Friday, 9 September 2011

Can feminists be funny?

Sally OutenPosted by Sally Outen

OK, OK, here's one:
Q: What do you get if you cross, um, Silvio Berlusconi with... an accusation of sexism?
A: Silenced! Haha?

What? Not laughing? But... it's topical, nearly... and, and it's funny because it's true, right? Oh. Yeah. It's sad that it's true - that's the one. But at least it isn't as bad as all those how-many-women-does-it-take-to-screw-in-a-lightbulb jokes - the ones that, while still being rather sad, also manage to be, well, not actually true. Not really. They're just playing on popular stereotypes and being generally misogynistic*.

Or... oh... maybe I'm just one of those humourless feminists.

That's a stereotype in itself, of course - the humourless feminist. The person who doesn't laugh when someone makes a really sexist joke. The person who really needs to lighten up a bit; or, maybe, just doesn't get it. How distressing it can be to make an effort to tell a joke that, hey, might have certain, well, misogynistic overtones (all perfectly innocent, of course), only for some killjoy feminist to spoil the general mood of hilarity by being offended. How selfish of them.

It's such a pervasive trope that I'd estimate I must have posed the question "Can feminists be funny?" to over twelve hundred people, just over the course of the last few weeks. OK, OK, so it was one of our flyering taglines in Edinburgh... but the point is: people are often all too well aware of the "humourless feminists" trope. For many people, it may be the most prominent association they make with feminism. We're too "politically correct", too serious, too easily offended.

I'm tired of hearing opinions to the effect that political correctness is killing comedy, that it stands in opposition to humour itself, or at least to what gets characterised as "edgy" humour. Because, well, apart from anything else, a sizeable number of comics seem quite capable of being funny while identifying as PC. Stewart Lee is a case in point - and while I personally have issues with some of his material, I'm glad to see him championing the cause of shininess in comedy, and I like his description of political correctness as "an often clumsy negotiation towards a kind of formally inclusive language".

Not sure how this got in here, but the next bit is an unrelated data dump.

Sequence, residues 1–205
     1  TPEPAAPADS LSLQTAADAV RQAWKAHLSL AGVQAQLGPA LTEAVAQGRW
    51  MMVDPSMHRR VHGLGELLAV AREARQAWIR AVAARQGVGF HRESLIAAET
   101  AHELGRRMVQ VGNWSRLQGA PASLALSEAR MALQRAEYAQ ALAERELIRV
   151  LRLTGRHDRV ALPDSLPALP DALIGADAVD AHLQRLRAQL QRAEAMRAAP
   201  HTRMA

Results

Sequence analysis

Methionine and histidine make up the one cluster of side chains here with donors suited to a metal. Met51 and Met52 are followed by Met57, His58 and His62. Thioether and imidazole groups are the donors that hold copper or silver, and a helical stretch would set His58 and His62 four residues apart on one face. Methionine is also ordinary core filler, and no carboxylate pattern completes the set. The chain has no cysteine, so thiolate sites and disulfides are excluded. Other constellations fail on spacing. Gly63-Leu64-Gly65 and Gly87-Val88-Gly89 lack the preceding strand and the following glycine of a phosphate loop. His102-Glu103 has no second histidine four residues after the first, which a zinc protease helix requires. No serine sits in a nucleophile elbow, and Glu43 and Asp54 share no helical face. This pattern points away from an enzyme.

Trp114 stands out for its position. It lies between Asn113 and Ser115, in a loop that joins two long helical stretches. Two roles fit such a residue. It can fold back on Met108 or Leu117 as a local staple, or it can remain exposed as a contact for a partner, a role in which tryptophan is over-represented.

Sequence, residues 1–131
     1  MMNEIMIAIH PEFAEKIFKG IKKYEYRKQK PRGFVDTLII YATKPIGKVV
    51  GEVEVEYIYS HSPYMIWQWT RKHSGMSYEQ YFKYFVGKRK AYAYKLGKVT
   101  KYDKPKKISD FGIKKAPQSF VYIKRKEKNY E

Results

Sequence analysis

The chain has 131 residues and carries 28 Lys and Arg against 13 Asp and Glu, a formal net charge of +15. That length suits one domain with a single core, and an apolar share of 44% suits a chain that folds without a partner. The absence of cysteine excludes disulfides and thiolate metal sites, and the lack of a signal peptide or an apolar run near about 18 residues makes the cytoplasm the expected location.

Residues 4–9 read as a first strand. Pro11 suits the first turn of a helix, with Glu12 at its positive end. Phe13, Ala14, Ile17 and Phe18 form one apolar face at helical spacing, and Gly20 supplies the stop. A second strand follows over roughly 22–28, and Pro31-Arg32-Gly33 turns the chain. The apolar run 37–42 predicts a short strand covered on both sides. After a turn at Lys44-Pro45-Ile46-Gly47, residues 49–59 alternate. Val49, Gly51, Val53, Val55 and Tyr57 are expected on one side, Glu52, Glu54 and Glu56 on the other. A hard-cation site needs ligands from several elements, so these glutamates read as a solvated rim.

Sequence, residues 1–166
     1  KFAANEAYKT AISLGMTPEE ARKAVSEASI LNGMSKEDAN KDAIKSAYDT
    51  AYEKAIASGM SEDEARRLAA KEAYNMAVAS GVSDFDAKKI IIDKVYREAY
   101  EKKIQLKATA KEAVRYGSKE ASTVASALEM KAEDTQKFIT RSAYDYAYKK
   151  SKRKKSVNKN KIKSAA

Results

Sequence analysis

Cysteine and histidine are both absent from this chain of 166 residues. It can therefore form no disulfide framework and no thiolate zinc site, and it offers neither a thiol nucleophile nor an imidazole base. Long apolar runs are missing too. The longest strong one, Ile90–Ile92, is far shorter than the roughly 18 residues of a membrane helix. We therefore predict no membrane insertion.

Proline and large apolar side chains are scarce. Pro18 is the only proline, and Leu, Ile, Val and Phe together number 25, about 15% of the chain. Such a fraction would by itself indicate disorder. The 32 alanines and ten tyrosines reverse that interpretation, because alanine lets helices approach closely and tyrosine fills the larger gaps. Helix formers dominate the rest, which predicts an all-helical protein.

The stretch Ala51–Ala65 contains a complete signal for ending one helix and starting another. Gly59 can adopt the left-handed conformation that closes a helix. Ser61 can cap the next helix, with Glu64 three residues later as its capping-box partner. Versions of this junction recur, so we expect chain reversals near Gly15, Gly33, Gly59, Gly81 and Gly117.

Other comics are less sympathetic. Some attempt to ignore any criticism by suggesting that it represents a threat to their freedom of speech, or by claiming that you can't be funny without offending somebody (I hope you won't mind my decision to use secondary sources here - I dislike the idea of linking directly to The Sun, but it ought to be easy enough to find the original articles on their website, if you really feel you must).

I've talked about the whole freedom of speech thing in an earlier post, but the idea that comedy isn't possible without causing offence - this is a trope I find genuinely fascinating. Because, well, it's so very obviously untrue. Of course comedy doesn't have to be offensive. A very high proportion (some would argue, all) of comedy revolves around incongruity, startling juxtapositions and shifts in perspective. So, there are puns, in which something you thought was going to mean one thing suddenly and simultaneously means another. There's the surrealism of Terry Gilliam's animations for Monty Python's Flying Circus. There's the grace and silliness of Charlie Chaplin's famous bread roll dance. True, you can get a sense of incongruity from the oh-my-gosh-I-can't-believe-they-can-get-away-with-saying-that school of humour - but my point is, that's just one of a number of potential sources of humour. To try to suggest that it is the only way of being funny just betrays a lack of inventiveness and an ignorance of comedic history.